In fact, the team opted to utilize six variations on the shape of the new logo. (Example of an alternate variation.)
She described the new design as modern and attractive, and much more in what Amar called a “B2C” style to appeal to the mobile space.
“We talked a lot about the consumerization of IT,” Amar explained. “IT is not any more in the hands of the IT manager or the developers. We wanted to have lots of remedies to attract IT teams at the consumer level.”
Amar added, “The whole branding, the design and the look and feel, was really built more for online communication and for social networks. We really strengthened our online presence, the websites have completely changed. (Note: You can see the old version of the site versus the new version of the Magic website.)
Two brochures, produced before and after the rebranding, help illustrate the difference in messaging, look, feel and even in how the way Magic’s products and services were presented to the audience.
Step #5. Provide prelaunch rebranded experience to key audience members
With the rebranding effort complete, the team wanted to provide the new branding in advance of launch to key people, both internal and external, to the company. This allowed those audience members an opportunity to become used to the new branding.
“We wanted to make sure our key and close audiences — our customers who have been working with us for many years, employees and analysts, as well — we wanted them to be exposed to the branding before it was going out formally in June,” Amar stated.
Through early 2012, before the launch, the team shared the new brand at conferences, customer events and internal meetings. One very large customer was given a private preview of the new branding.
Step #6. Launch the rebranding look, feel and messaging
“Our emphasis was on the content and purpose behind the rebranding and not so much showing off the esthetics of the new brand,” said Amar. “Even though we are very happy with our new design and logo, we were more interested in explaining the real evolution that our company was, and still is, going through to our customers and partners than in general market publicity.”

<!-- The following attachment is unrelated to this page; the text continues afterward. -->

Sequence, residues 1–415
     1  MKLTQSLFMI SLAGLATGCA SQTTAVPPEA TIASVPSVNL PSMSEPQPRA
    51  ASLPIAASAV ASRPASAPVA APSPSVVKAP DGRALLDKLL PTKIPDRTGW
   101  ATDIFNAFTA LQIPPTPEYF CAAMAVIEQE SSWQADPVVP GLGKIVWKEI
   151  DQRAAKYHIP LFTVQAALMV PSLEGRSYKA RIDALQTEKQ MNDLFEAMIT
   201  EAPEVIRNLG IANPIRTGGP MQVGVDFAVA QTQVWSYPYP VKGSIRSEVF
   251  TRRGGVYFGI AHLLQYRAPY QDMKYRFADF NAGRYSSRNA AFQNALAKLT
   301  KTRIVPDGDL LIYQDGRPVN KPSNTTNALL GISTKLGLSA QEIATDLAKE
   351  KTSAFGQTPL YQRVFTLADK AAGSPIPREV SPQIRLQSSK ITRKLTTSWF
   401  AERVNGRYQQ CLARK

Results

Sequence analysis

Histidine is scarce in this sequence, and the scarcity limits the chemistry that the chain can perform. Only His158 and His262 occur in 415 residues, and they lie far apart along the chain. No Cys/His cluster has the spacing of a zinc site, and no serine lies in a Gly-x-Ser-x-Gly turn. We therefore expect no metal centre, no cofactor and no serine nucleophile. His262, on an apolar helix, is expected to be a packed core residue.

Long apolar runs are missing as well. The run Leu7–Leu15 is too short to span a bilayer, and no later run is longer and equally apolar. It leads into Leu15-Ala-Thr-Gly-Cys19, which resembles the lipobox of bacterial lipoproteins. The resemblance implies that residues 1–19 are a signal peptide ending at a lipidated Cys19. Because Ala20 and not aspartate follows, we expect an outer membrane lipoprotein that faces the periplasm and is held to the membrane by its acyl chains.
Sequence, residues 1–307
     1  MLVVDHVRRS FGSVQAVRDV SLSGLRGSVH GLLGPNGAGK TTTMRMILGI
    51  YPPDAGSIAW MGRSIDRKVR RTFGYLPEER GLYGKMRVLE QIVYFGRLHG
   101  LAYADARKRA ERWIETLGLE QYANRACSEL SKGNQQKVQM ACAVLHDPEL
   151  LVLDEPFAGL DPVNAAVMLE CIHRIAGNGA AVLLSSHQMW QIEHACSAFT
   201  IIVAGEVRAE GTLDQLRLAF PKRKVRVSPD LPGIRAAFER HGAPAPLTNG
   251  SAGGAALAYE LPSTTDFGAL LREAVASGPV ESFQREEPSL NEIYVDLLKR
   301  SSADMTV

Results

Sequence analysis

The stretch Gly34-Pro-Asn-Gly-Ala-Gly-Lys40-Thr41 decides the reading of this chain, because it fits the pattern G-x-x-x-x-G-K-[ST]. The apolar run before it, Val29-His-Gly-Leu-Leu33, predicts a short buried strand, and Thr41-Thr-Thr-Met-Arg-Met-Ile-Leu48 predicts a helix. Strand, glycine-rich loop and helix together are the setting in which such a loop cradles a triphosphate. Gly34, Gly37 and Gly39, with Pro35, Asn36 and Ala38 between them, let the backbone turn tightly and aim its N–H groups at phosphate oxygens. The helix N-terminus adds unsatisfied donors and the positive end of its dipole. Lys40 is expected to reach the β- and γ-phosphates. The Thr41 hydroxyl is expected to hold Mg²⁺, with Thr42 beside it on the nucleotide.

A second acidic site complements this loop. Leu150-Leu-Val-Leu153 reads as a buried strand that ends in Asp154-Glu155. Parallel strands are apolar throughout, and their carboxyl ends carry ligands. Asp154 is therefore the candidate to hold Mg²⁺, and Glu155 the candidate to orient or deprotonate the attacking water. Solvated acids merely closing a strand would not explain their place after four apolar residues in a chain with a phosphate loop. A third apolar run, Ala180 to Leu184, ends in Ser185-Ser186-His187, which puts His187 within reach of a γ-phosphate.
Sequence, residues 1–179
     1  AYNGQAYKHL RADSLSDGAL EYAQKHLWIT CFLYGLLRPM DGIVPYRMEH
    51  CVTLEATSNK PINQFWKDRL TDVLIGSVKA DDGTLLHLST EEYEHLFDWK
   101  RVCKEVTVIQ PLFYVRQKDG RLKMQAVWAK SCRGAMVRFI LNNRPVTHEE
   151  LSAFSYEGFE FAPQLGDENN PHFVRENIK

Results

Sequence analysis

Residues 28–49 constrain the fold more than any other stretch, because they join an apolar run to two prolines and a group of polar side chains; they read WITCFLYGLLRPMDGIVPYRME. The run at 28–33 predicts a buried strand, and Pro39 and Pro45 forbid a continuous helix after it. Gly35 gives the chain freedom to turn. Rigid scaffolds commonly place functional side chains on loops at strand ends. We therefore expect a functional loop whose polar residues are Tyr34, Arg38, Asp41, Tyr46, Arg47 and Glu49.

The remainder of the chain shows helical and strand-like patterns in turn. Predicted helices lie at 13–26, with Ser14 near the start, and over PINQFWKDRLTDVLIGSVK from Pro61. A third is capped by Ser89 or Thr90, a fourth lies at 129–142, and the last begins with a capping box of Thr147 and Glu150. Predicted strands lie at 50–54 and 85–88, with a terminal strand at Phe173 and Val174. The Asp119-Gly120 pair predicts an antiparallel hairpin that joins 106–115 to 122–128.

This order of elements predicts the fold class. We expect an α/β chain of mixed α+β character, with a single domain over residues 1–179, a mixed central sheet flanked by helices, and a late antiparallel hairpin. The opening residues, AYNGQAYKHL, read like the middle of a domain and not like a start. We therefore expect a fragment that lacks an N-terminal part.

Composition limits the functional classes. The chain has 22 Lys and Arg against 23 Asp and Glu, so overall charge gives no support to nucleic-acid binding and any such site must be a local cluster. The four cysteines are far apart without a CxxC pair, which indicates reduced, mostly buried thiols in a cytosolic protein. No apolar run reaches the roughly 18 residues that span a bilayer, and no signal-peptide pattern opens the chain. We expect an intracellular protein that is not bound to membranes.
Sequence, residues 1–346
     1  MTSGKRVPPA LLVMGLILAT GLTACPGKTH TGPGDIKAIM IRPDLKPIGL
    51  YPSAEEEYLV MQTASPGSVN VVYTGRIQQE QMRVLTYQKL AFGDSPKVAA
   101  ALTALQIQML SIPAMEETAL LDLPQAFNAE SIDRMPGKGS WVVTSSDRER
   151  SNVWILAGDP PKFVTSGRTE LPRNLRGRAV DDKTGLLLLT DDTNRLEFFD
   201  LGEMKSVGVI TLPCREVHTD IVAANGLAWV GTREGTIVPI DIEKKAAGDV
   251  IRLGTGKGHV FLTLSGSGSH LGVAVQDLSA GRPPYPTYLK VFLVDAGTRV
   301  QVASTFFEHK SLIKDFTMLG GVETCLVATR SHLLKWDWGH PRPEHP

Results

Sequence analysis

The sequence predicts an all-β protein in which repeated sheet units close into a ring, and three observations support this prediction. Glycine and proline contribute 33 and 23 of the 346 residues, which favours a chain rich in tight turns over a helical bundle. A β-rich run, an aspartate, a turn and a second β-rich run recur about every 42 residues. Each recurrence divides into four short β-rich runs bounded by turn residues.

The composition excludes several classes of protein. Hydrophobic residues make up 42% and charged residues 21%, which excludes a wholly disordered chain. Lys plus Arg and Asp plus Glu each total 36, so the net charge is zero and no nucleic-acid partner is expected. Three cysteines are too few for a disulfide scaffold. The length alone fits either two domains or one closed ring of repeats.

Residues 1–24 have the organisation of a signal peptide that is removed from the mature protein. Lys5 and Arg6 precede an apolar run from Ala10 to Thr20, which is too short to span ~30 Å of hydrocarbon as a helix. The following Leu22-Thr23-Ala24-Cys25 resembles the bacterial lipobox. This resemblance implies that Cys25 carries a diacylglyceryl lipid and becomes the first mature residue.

The rebranding was pre-launched through a worldwide road show that explained the reasoning behind the effort, and at the same time, solicited feedback from key customers, partners, analysts and employees.
Magic employees were given a look at the new branding at the Magic World event in May, and the official launch of the rebranding was June 11, 2012, when the new website, blog, Facebook page and other core marketing materials went “live.”
Amar stated, “We did not issue a press release, as we felt that we had conveyed the explanation for our new branding to our key audiences and didn’t want anyone to think that we were only rebranding for superficial reasons.”
One reason the team decided to use six slightly different variations on the new logo was because the rebranding was more Web-based than the traditional brochure and other physical marketing collateral pieces.
The six different shapes allowed Magic to provide a dynamic logo for website visitors.
With the importance of the online impact of the new brand, the main key performance indicators for the rebranding included online traffic — website visits and social media impact being the most important.
Since the launch of the rebranding in June, Magic Software has achieved the following:
Website traffic increased 20%
New visits to the corporate blog increased 10% in spite of a decrease in blog post volume
Facebook fans reached 43,000, a 1,000% lift
YouTube subscribers increased 70%, and views 50%
Amar emphasized that although the KPIs for the rebranding were marketing metrics, the team is also looking at bottom-line impact and implementing a new system that will allow Marketing to show that impact.
“Marketing is responsible for this project because we want to show the ROI of everything we do, and rebranding is one of those things,” she said.
About the entire rebranding process, Amar stated, “Usually the rebranding is for external — you want to change the image, or the perception of how your customers look at you or the market. But, I think the year-and-a-half process with the workshops and the discussions internally was even more important, or at least as important as the end result of the rebranding.”
Alternate version of new logo
Brochure with old messaging and design
Brochure with rebranded messaging and design
Click for the online version